Listen: Danielle Brooks Talks Playing More Than a Stereotype on ‘Orange Is the New Black’

Success right out of college came as a shock to Danielle Brooks. “I thought this ain’t going to happen until I’m 40, 45. I thought I was going to have this Samuel L Jackson story,” the “Orange Is the New Black” star told Variety‘s TV Take podcast. 

Brooks landed the role Tasha “Taystee” Jefferson in “Orange is the New Black” in 2013, two years after graduating from Julliard. Initially, the actress had her reservations about the role. She didn’t want to play a “stereotype.” When first reading the script she saw a character she described as a “black woman in prison and she’s sassy.”

But as she read more, she saw the depth in the character. “You’re reading  and what they’re asking of this character and bringing out of this woman were things I’ve never seen before,” she said. She didn’t want to be that “one person of color” or “just that sassy black woman.” 

Brooks had to adjust to overnight fame. “Literally when that show dropped, 13 hours later I had become famous,” she said. She quipped, “I feel for those ‘Stranger Things’ kids.” 

On set she formed a tight-knit community. She recalled an experience coming to set and expressing disappointment to an “Orange is the New Black” script supervisor in a music video she had just shot for her song “Black Woman.” Immediately, the script supervisor rallied crew members to help Brooks out with a reshoot. She said, “They [lent] me their services for free to shoot my first music video. That’s just a testament of community. I’ll forever be appreciative of that moment.”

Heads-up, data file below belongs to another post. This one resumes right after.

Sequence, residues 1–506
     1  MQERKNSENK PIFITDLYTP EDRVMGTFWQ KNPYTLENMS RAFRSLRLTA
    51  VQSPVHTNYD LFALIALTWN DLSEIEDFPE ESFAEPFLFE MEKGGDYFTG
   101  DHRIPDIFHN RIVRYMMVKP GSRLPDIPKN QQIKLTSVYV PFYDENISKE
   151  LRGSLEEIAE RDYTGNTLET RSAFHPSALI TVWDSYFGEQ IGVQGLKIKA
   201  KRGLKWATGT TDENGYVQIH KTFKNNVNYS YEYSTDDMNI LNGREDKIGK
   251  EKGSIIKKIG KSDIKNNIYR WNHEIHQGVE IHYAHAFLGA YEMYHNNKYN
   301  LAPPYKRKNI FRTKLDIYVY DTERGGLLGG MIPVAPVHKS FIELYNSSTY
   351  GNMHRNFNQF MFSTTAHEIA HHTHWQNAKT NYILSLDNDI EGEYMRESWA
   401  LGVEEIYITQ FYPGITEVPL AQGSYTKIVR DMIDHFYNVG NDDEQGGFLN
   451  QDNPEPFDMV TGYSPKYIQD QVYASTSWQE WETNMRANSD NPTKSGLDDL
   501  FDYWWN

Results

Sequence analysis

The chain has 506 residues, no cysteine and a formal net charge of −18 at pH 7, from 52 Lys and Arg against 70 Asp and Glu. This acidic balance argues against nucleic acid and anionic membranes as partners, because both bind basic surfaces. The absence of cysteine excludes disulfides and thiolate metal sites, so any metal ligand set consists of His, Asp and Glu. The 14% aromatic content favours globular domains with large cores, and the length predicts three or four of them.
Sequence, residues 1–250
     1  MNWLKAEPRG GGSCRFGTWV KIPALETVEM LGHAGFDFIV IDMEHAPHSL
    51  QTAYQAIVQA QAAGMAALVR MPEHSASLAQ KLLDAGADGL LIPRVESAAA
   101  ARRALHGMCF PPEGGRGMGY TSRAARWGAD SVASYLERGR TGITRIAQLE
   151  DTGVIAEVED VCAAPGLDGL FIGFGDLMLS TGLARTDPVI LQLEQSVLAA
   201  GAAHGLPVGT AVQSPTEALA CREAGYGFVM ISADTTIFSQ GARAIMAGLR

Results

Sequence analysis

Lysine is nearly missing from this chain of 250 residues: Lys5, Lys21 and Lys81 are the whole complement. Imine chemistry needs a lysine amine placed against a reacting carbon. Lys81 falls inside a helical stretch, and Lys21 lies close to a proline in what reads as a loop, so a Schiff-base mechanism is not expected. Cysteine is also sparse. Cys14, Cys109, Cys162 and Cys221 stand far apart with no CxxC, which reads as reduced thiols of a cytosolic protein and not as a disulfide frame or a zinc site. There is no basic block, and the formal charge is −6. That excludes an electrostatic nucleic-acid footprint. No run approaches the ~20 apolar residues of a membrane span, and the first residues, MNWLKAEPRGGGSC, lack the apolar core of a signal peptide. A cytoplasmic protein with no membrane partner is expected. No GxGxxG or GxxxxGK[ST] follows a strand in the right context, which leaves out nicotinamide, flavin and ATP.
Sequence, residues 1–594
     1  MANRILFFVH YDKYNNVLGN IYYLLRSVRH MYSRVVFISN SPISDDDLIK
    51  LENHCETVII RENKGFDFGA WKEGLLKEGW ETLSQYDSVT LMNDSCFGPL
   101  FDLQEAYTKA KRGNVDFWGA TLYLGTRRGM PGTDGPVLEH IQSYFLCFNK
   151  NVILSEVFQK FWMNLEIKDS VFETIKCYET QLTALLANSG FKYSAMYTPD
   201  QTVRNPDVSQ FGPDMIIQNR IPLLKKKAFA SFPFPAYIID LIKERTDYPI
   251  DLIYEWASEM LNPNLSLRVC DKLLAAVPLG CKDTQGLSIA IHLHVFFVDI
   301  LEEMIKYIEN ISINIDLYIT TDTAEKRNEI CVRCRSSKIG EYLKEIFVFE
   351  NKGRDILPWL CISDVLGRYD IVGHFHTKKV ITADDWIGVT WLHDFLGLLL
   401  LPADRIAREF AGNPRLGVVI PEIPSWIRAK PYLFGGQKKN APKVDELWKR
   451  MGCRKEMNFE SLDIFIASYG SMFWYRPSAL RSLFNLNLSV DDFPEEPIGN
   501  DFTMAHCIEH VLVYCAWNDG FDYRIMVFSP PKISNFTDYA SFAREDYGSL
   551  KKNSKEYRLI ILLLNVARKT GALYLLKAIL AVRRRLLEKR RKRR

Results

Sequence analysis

Brooks began her career in theater and often returns to the stage. She discussed starring in a Shakespeare in the Park production of “Much Ado About Nothing” while several months pregnant: “Carrying a child, especially when you’re doing Shakespeare in the Park, when you’re out in the elements in the rain, you have to do a show come rain or shine. It’s cold one day its hot [another]. You got bugs in your face. You’re going up steps. My feet are swelling. I’m tired. I can’t breathe. But my baby just reminded me it’s not that deep. Enjoy it, have fun, breathe, take care of yourself. I think really truly the beginning stages of motherhood got me through being the lead of this production.”

And what of the future for Brooks? “I pray for longevity, number one, past 30, 40, 50. Second of all, I want to break barriers. I want people to relate to me, to say Danielle Brooks did that in the same way I look at Queen Latifah’s career or Octavia Spencer’s career or Viola Davis. I’m like these women broke barriers and that’s what I want to do.” 

She concluded, “I want to stay true to the fact that there are millions of millions of black women out there that have millions and millions different stories and I want to be a vessel for them.”

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